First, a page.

Faster Alone, Further Together

Faster Alone, Further Together

Mark Zuckerberg once said, “Move fast and break things.” For a while this was a motto that you could find on my lips daily. While I do believe that there is still a lot of value in breaking things, I am rethinking some of my thoughts on speed. 

This does not mean that delivery to clients on time is not valuable or that some things need a hyperfast turnaround to be effective. Rather, I’m rethinking what it means to be successful in the long run. 

An African proverb reads, “If you want to go quickly, go alone. If you want to go far, go together.” At the beginning of our business, I was alone and lots of things happened quickly. But even with my propensity to work hard for a long period of time, there is only so hard I can work and only for so long. There is a point of diminishing returns.

Additionally, while I am good at many things, I am great at very few. When breaking into a new service field with lower rates than others, there is room for services of varying quality. To improve the quality of our service and the quality of our products, other people who can SPECIALIZE and FOCUS on things more than I can are essential. 

“Specializing” and “focusing” are two themes that have become increasingly apparent to me over the course of 2020 and 2021. The theme for 2022 reflects this: Faster Alone, Further Together. 

For Adelsberger Marketing to become both The Best Place to Work  in West Tennessee and the Premier Creative Agency in West Tennessee, I have to embrace this thought that we can go further together. The sprint of starting a business leads to the emphasis on speed, the building of a company and leaving a legacy, requires a team working together over a marathon. 

Points of emphasis on our theme in 2022: 

Additional training and delegation to the team. 

Making intentional choices to bring team members on things that would normally be a solo activity. 

More transparency and inclusion in leadership and business development decisions. 

New Avenues may be started alone, but will be planned to expand to the team as part of the planning process. 

Are you still trying to go faster alone or have you transitioned to further together?


Conclusion, References, and Suggested Materials

Ideas are (expletive deleted), execution is the game.” – Gary Vaynerchuk. 

This book contains many thoughts on marketing. They are thoughts we use to grow our client’s businesses. They work because we put them into action. We execute on these ideas. Many people have great ideas for content or marketing, but they fail to execute. 

I hope you enjoyed this work, but more so hope that you will execute some concept from this book. Start with who you are and define it. Understand who your customers are and where they are in the process.  Build the pieces you need to communicate with the world. Then, get someone’s attention and motivate them to take your call to action. 

If you found this valuable, consider leaving us a review on Facebook or Google. If you know you need to help with marketing, send me an email:

Thank you for your time and attention and don’t forget how valuable both of those things are. 


References and Suggested Material:

I love reading so I prioritize it in my daily life. I find it’s a great way to keep thinking about things that are helpful and also a great way to wind down from the day. Here are some of our top marketing books we recommend:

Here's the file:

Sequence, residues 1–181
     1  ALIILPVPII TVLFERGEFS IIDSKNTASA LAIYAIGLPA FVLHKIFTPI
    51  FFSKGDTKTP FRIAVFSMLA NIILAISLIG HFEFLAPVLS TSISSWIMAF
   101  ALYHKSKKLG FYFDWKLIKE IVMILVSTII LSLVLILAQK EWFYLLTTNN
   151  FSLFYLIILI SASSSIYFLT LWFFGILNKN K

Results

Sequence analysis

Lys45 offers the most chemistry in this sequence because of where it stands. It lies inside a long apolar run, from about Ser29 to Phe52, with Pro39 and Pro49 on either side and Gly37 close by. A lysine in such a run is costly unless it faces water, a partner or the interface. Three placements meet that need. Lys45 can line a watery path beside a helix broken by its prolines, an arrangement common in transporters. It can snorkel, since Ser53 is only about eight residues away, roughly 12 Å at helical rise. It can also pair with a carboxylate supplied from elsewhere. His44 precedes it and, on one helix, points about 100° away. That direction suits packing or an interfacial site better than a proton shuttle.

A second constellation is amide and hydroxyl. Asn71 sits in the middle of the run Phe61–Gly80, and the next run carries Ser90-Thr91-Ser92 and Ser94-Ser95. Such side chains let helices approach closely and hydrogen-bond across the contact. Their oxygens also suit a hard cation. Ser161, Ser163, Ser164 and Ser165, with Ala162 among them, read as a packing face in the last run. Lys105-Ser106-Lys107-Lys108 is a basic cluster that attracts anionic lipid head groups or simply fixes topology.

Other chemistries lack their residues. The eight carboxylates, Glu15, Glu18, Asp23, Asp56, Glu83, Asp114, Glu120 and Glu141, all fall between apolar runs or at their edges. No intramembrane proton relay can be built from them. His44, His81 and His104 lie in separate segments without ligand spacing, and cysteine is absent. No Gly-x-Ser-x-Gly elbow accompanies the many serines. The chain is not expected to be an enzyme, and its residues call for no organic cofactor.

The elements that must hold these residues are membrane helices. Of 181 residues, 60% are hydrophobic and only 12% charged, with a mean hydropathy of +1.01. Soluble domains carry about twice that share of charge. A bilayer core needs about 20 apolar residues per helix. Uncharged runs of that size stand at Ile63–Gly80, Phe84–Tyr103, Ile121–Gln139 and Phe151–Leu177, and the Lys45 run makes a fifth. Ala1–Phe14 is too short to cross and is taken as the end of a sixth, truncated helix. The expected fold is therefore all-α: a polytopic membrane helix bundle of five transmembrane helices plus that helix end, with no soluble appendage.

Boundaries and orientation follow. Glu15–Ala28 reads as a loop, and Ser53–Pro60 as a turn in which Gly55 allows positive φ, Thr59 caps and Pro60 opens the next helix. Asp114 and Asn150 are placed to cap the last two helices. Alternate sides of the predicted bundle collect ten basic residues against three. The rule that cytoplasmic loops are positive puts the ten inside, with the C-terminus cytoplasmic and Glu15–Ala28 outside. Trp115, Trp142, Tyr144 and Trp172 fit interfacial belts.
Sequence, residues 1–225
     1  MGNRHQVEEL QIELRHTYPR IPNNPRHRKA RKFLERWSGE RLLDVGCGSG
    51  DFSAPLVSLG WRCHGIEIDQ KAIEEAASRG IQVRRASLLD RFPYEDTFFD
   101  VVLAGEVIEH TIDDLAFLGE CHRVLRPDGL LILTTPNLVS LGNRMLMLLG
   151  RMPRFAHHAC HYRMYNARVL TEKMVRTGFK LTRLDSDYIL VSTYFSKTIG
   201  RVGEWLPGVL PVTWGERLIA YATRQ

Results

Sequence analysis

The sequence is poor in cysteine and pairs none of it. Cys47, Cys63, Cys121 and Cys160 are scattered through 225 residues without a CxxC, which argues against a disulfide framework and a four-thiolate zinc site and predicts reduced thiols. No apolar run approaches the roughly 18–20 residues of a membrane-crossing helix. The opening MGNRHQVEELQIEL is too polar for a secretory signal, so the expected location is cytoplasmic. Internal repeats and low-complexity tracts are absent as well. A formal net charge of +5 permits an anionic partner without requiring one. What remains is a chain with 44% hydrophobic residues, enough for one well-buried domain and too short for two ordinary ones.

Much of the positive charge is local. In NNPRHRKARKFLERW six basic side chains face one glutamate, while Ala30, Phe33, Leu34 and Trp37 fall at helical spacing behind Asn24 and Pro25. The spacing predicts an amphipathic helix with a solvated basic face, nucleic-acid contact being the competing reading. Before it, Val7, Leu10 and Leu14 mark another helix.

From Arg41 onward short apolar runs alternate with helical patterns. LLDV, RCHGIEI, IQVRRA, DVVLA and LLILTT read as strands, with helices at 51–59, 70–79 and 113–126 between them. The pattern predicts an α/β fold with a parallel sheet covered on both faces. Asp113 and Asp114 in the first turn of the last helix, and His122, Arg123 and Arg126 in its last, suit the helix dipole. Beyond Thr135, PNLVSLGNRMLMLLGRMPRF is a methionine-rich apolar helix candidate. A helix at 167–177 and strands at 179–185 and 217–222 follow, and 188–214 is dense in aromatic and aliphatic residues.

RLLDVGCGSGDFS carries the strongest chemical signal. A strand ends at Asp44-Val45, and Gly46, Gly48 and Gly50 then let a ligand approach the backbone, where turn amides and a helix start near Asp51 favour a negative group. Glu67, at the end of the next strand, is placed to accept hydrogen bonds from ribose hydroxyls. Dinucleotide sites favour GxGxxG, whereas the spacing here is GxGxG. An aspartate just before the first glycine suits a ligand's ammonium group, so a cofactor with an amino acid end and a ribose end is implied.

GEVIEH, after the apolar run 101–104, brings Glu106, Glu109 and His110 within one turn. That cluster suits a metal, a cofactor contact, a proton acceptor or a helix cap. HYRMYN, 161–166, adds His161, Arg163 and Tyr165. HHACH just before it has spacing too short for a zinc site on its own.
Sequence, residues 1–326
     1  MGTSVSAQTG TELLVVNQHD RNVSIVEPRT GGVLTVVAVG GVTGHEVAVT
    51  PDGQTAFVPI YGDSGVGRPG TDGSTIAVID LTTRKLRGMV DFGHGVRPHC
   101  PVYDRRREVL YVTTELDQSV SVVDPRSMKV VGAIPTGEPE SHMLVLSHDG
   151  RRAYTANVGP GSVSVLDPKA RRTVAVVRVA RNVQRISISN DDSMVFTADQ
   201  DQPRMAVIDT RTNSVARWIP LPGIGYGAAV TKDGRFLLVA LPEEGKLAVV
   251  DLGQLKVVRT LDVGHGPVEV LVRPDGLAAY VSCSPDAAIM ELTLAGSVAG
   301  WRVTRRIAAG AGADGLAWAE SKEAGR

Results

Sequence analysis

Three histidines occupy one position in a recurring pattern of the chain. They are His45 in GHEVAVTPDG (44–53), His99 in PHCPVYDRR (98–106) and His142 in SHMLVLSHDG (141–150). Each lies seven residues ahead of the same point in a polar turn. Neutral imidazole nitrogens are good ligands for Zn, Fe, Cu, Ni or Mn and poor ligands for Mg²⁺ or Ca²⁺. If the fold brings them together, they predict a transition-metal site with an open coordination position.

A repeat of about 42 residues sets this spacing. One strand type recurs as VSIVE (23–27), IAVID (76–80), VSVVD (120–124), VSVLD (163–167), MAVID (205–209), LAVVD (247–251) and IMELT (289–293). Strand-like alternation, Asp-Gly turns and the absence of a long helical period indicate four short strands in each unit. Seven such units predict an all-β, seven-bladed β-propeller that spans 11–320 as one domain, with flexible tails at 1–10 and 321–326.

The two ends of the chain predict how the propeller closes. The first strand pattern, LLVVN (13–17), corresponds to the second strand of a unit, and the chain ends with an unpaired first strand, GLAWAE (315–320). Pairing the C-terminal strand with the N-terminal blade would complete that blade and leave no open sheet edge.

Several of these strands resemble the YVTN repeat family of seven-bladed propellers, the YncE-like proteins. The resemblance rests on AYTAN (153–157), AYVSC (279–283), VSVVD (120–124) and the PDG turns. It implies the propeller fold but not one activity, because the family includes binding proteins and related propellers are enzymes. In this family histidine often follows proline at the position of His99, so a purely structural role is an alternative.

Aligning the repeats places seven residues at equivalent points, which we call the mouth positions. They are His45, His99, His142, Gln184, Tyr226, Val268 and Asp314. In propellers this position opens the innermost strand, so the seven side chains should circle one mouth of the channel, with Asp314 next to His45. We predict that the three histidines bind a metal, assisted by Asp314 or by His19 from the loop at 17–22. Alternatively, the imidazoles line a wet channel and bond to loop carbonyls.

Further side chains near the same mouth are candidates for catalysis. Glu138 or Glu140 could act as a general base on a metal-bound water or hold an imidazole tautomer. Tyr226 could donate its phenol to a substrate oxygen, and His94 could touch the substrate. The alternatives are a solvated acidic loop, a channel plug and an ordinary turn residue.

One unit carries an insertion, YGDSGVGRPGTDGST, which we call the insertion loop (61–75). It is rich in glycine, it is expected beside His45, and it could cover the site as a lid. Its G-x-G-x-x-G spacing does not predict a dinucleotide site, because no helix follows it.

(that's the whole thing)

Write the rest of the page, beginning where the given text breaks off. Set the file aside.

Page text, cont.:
Juicing the Orange: Fallon- A great book talking about how a big deal advertising firm approaches creative. 

Permission Marketing: Godin- In my opinion, this is the seminal book that shifted marketing from interruption to permission-based. Very formative. Also, just read everything Seth Godin has ever written. 

Building a Storybrand: Miller- An excellent book on how to treat marketing writing to engage the reader and sell products. 

Attention Merchants: Wu- A startling look at how businesses have been selling our attention for decades, and increasingly so

Ask Gary Vee: Vaynerchuk- Gary Vaynerchuk is the leader in social media marketing in my eyes. His books, including Crushing It, are excellent resources for anyone considering marketing in the modern era. He also has an enormous online presence and gives away a lot of information. He often sets the pace in online marketing.

The End of Advertising: Essex- A thoughtful look from inside the big ad system about how the system will change in the near future. 

Breakthrough Advertising: Schwartz- A classic, but be warned, it’s expensive online. It’s insightful on the human condition. Originally published in 1966, some of the examples are dated but the core truths are applicable to all humankind.

Customers for Life by Carl Sewell- My favorite book on customer service. In the book Carl talks about how he used customer service to build his dealerships. I can personally speak for these services and how we were treated as out-of-towners in one of his dealerships.

This blog post is a portion of Attention and Action. The book walks you through the marketing process that Adelsberger Marketing follows with its clients. You can read this book for free as a blog on the Adelsberger Marketing website or purchase on


Our Pillars of Marketing

I wanted to make note of what we have done to market Adelsberger Marketing. We have had success since opening in 2015 and as a marketing company, it is something we think about all the time.

One reason for our immediate success is that we came on the scene at the right time. Our affordable video options were something our market needed. Fulfill an unmet market need and your business will be set up for success. To realize that success, though, we had to market our marketing agency well. We have used a variety of builders and drivers to help grow the business. But we have really leaned on these three areas: community, expertise, and building stark raving fans. 

1.Investing in our Community. Working with local organizations and nonprofits is great for serving your community by helping them do better work and promote themselves. It also exposes you to their base of support and board of directors. It’s a great way to make connections. We support Madison County CASA because it is close to our heart.